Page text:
The legal fight over Portland's unreinforced masonry building earthquake warning signs is scheduled to resume Tuesday, May 14.
The City Council has delayed its requirement that URM owners post signs warning their building are unsafe in earthquakes until 2020. But some owners are still asking the Oregon U.S. District Court to rule the requirement unconstitutional.
A hearing on the preliminary injunction request is scheduled for May 14 and 15 before U.S. District Magistrate Judge John Acosta. Lawyers for the building owners have deposed former Commissioner Dan Saltzman, who was the most vocal advocate for the requirement on the council. They are quoting him as saying the requirement was intended to pressure the owners to either pay for expensive earthquake retrofits or redevelop their buildings.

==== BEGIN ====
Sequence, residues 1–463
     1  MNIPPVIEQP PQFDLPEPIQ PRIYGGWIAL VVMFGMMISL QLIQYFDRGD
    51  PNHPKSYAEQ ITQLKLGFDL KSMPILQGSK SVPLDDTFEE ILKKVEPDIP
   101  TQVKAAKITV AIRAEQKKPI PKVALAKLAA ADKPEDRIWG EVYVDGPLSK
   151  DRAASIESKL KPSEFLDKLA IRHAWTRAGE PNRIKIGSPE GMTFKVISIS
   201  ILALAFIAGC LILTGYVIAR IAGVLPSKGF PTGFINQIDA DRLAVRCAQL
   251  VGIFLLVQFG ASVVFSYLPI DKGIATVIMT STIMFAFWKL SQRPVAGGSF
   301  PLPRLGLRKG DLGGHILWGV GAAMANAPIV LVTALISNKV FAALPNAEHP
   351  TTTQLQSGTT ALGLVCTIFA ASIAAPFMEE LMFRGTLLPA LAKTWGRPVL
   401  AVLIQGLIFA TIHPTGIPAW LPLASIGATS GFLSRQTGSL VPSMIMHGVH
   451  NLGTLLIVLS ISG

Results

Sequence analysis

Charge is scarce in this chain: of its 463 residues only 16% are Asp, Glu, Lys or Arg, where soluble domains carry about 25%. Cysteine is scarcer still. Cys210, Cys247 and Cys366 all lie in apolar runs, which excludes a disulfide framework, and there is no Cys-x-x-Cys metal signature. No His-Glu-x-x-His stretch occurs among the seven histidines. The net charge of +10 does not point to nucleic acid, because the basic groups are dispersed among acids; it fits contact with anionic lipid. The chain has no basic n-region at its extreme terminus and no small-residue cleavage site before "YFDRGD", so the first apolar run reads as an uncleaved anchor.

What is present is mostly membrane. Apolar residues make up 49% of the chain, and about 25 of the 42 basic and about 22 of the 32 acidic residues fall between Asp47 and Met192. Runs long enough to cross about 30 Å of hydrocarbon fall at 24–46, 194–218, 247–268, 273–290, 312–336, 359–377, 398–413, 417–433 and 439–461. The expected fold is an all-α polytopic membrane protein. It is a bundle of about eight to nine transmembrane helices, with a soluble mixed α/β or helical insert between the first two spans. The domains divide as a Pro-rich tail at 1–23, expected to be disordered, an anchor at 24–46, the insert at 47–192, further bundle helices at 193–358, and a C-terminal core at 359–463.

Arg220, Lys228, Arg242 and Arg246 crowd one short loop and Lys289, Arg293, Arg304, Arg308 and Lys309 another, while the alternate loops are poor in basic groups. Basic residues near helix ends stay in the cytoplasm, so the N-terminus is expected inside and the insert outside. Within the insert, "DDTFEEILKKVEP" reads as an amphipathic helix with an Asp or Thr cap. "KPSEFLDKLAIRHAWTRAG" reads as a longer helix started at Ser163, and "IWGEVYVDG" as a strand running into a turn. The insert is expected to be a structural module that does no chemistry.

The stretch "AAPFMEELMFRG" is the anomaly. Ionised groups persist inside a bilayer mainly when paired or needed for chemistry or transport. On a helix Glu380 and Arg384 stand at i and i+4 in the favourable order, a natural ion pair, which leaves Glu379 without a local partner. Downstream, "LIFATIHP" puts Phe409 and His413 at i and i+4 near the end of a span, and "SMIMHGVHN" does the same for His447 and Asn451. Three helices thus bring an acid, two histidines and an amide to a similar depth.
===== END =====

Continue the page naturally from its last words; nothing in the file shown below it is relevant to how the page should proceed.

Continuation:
The Council "possessed the legal authority but lacked the political will to address retrofitting of URM buildings directly. As a consequence, the Council turned to the placarding Ordinance, which employs compelled speech in an attempt to do
indirectly what the Council was unwilling to do directly," building owner lawyers wrote in their most recent filing.
The City Attorney's Office argues the requirement is legal and warranted by the known risk that URM building will fail in earthquakes.
You can read the most recent filing here.
You can read a previous Portland Tribune story here.
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